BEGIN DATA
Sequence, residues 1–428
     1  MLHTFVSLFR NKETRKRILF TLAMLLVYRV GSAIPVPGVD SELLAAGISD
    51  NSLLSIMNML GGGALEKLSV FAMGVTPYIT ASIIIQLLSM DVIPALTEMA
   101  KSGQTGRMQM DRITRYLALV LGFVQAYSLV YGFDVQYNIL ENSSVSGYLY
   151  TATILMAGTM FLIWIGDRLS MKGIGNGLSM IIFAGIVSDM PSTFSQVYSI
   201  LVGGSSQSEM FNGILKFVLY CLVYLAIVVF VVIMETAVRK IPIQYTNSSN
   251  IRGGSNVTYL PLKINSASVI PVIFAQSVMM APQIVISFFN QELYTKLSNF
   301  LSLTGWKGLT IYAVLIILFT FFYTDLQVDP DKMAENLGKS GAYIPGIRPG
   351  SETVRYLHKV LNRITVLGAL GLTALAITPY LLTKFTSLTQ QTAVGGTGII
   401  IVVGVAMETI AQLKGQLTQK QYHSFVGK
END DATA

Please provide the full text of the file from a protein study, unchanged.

Sequence, residues 1–428
     1  MLHTFVSLFR NKETRKRILF TLAMLLVYRV GSAIPVPGVD SELLAAGISD
    51  NSLLSIMNML GGGALEKLSV FAMGVTPYIT ASIIIQLLSM DVIPALTEMA
   101  KSGQTGRMQM DRITRYLALV LGFVQAYSLV YGFDVQYNIL ENSSVSGYLY
   151  TATILMAGTM FLIWIGDRLS MKGIGNGLSM IIFAGIVSDM PSTFSQVYSI
   201  LVGGSSQSEM FNGILKFVLY CLVYLAIVVF VVIMETAVRK IPIQYTNSSN
   251  IRGGSNVTYL PLKINSASVI PVIFAQSVMM APQIVISFFN QELYTKLSNF
   301  LSLTGWKGLT IYAVLIILFT FFYTDLQVDP DKMAENLGKS GAYIPGIRPG
   351  SETVRYLHKV LNRITVLGAL GLTALAITPY LLTKFTSLTQ QTAVGGTGII
   401  IVVGVAMETI AQLKGQLTQK QYHSFVGK